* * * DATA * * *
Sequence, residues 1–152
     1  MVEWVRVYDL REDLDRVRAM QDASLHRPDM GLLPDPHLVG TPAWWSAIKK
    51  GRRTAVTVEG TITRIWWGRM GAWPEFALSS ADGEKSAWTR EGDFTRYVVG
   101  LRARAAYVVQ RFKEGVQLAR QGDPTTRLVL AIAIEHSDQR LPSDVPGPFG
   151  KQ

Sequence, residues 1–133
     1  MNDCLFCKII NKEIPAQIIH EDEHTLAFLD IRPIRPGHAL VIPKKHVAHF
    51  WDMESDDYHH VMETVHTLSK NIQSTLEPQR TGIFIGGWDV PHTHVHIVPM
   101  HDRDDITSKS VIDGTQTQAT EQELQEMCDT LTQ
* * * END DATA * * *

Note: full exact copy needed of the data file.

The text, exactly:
Sequence, residues 1–152
     1  MVEWVRVYDL REDLDRVRAM QDASLHRPDM GLLPDPHLVG TPAWWSAIKK
    51  GRRTAVTVEG TITRIWWGRM GAWPEFALSS ADGEKSAWTR EGDFTRYVVG
   101  LRARAAYVVQ RFKEGVQLAR QGDPTTRLVL AIAIEHSDQR LPSDVPGPFG
   151  KQ

Sequence, residues 1–133
     1  MNDCLFCKII NKEIPAQIIH EDEHTLAFLD IRPIRPGHAL VIPKKHVAHF
    51  WDMESDDYHH VMETVHTLSK NIQSTLEPQR TGIFIGGWDV PHTHVHIVPM
   101  HDRDDITSKS VIDGTQTQAT EQELQEMCDT LTQ